Person lying down with book on face. Is this how we imagine rest?

Take a moment to think about your personal experience of joy in the workplace.

Can you recall a time when you felt joyful at work?

Did you let it show, or share it with those around you?

Do you think of joy as having a place at work – is it something we should be actively building into our cultures?

Should organisations prioritise joy?

Increasingly, joy is seen as not just an important element of our lives, but one which organisations have a responsibility to cultivate among their people. This feels like a recent trend; in the past, work was seen as a more serious place where “professionalism” meant foregoing overt expressions of emotion.

Contrast that with the ubiquitous twenty-first century stock images of teams of joyful people – high-fiving across desks; laughing in offices; smiling with deep satisfaction in 1:1 meetings. And no doubt, living equally joyous and perfect lives!

Writing in the Harvard Business Review, Alex Liu proposes that companies strive to “Make the experience of joy an explicit corporate purpose.”

So what does it mean if we don’t feel joy?

If joy should be part of our corporate, and individual, purposes – what does it mean if we don’t feel joy? Are we on some level, failing?

According to research, it’s a common scenario.

In a Kearney survey of over 500 employees,

“Nearly 90% of respondents said that they expect to experience a substantial degree of joy at work, yet only 37% report that such is their actual experience.”

This “joy gap”, it is suggested, should be something we endeavour to close. But setting such a metric as part of an organisation’s goals may be more complicated than we realise.

One review of current psychological literature on joy noted that, when it comes to happiness, there is some evidence that our experience is tied to a unique “baseline”.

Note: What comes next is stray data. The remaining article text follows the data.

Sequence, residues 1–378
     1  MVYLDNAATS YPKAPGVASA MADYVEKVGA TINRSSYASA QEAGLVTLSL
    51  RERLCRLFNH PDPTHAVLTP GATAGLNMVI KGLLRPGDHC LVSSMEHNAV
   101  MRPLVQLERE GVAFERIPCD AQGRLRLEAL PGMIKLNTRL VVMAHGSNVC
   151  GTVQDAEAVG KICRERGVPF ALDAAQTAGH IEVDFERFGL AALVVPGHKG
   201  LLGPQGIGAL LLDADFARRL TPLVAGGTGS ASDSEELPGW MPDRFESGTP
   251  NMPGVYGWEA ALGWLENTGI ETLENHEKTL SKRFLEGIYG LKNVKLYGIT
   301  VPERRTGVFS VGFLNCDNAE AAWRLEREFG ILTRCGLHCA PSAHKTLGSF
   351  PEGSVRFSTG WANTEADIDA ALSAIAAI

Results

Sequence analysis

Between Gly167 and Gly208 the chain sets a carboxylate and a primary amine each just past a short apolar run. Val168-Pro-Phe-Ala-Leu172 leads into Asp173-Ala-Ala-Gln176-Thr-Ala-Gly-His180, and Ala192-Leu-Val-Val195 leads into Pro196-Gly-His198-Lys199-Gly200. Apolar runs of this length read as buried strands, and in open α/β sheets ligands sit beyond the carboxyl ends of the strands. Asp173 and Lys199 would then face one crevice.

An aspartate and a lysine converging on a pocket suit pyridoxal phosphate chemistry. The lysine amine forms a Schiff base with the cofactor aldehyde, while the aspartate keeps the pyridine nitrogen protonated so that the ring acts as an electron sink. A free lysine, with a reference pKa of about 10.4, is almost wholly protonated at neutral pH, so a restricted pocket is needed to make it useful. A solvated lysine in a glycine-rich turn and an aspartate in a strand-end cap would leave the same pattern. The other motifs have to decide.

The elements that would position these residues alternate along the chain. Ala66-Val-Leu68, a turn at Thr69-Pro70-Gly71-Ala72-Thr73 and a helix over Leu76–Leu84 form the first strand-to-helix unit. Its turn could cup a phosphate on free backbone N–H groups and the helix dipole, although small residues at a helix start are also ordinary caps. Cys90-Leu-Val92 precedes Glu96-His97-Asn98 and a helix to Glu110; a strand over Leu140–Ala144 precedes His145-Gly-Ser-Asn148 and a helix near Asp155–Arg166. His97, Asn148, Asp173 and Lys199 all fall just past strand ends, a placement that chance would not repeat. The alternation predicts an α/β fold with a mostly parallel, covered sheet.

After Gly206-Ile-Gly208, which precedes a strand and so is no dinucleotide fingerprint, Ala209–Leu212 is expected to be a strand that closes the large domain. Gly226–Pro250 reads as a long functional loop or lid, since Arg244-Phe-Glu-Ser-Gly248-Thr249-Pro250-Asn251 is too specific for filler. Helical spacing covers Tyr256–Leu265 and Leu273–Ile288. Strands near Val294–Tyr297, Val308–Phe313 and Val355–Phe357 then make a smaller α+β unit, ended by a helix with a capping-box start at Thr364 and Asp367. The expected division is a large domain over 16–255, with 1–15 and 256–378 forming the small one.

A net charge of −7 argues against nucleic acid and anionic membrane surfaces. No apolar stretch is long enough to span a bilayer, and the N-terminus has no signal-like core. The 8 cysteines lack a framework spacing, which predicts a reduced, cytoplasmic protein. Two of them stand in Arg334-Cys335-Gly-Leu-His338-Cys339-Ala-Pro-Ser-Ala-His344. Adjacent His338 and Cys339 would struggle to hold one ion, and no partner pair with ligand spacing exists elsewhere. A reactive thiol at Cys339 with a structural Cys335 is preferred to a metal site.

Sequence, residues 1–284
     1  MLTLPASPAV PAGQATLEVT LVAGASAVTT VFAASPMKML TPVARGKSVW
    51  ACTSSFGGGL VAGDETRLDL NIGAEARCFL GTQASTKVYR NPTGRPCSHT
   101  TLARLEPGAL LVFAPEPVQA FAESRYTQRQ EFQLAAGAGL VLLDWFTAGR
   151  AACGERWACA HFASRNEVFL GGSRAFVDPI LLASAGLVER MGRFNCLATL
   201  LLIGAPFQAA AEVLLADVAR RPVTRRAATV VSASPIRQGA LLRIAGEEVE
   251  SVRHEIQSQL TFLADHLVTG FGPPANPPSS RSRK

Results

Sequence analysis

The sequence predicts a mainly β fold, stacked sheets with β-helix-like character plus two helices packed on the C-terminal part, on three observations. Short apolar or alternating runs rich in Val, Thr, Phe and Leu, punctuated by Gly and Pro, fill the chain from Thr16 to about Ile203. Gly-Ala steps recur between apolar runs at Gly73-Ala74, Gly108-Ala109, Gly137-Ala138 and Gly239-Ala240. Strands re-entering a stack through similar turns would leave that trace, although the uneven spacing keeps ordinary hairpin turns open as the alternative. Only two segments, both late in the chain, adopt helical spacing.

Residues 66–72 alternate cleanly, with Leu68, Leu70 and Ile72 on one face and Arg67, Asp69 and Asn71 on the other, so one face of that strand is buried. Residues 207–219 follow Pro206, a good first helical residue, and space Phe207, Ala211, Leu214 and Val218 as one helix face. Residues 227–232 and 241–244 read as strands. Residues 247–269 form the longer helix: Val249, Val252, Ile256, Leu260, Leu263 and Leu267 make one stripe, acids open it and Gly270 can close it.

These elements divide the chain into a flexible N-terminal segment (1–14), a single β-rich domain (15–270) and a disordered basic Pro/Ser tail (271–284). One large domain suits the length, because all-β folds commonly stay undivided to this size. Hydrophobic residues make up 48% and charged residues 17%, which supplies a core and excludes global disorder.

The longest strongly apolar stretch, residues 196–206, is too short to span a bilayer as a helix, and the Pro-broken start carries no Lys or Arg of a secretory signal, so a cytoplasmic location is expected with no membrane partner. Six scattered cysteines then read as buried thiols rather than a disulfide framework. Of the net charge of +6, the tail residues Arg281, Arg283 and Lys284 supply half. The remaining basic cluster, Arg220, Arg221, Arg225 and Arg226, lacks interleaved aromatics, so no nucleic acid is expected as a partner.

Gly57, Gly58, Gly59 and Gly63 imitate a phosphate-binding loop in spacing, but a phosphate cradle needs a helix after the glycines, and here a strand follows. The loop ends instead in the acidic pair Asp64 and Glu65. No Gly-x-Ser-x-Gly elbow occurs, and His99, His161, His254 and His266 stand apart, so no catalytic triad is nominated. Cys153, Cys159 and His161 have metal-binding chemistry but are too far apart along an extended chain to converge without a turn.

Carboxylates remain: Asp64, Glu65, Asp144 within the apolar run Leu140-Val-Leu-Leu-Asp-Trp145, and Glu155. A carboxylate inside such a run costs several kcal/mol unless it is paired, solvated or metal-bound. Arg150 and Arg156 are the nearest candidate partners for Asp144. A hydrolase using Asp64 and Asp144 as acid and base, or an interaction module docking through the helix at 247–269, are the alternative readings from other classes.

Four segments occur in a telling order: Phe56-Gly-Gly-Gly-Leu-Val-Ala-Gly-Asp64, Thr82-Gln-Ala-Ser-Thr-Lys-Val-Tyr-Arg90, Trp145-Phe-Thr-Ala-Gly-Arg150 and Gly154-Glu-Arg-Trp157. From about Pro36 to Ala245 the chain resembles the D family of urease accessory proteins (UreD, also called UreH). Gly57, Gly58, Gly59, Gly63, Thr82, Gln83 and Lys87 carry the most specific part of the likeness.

“The set point theory of happiness suggests that hereditary and early development factors combine to give each individual a ‘set point’ for happiness. While their level of happiness will fluctuate over short periods, when viewed over larger periods of time, their happiness will cluster around some kind of baseline. Similarly, might some individuals have a ‘baseline’ that means that they experience joy more readily, frequently, or across a wider diversity of situations?” (Matthew Kuan Johson, 2019).

Kuan Johnson goes on to note that the experience of joy is different for people of different cultures. Indeed, the experience of many emotions seems to differ in complex ways depending on our cultural background.

In addition, we know that neurodiversity is often expressed through different responses to emotions. Stating the experience of certain emotions in a company’s goals might alienate neurodiverse individuals, or place pressure on people to “mask” what are considered to be unacceptable or taboo emotions.

The problem with happiness

What’s more, it’s a matter for debate whether feelings of joy or happiness are in fact natural states for us. Dr Anders Hansen, author of The Happiness Myth, argues that humans have evolved not to live in a state of happiness or bliss, but rather to be alert to threats and dangers.

“The brain never evolved for happiness, it evolved for survival and reproduction and it wants to keep you alive!”

So is it best to drop the idea of joy at work altogether?

As advocates of bringing our whole, diverse, human selves to the workplace, we’d love to see a world where joy belonged at work. But it seems unrealistic to codify certain feelings into policies, especially given or unique individual relationships to our emotions.

When discussing the adoption of joy as part of the corporate purpose, Liu suggests leaders:

“Strengthen your inclusion agenda to incorporate meaningful efforts toward ensuring all employees feel heard, recognized, and acknowledged. Fund mental health benefits for all employees.”

Being heard, recognised and acknowledged suggests to us space for people to bring all their emotions to work, in a safe and appropriate way, feeling confident they will be accepted.

Joy, yes, but also frustration, grief, excitement, anxiety, fulfilment, resentment, and every other expression.

Different people will experience these in different ways, and at different times.

In our diverse teams, joy may not always be visible.

A team member who never grins, high-fives or posts social media selfies may be a crucial member of your organisation – and should not be considered “less than”.

Knowing individuals personally, and asking them what they need to do, feel and connect at their best, is a good place to start.

How are you allowing the full range of human emotions – and humans – to be present in your workplace culture?

At Global Warriors, we support organisations and leaders to develop understanding, expand their language and use tools that allow emotions into the workplace, without losing sight of their goals.

Contact us to find out more about our work.

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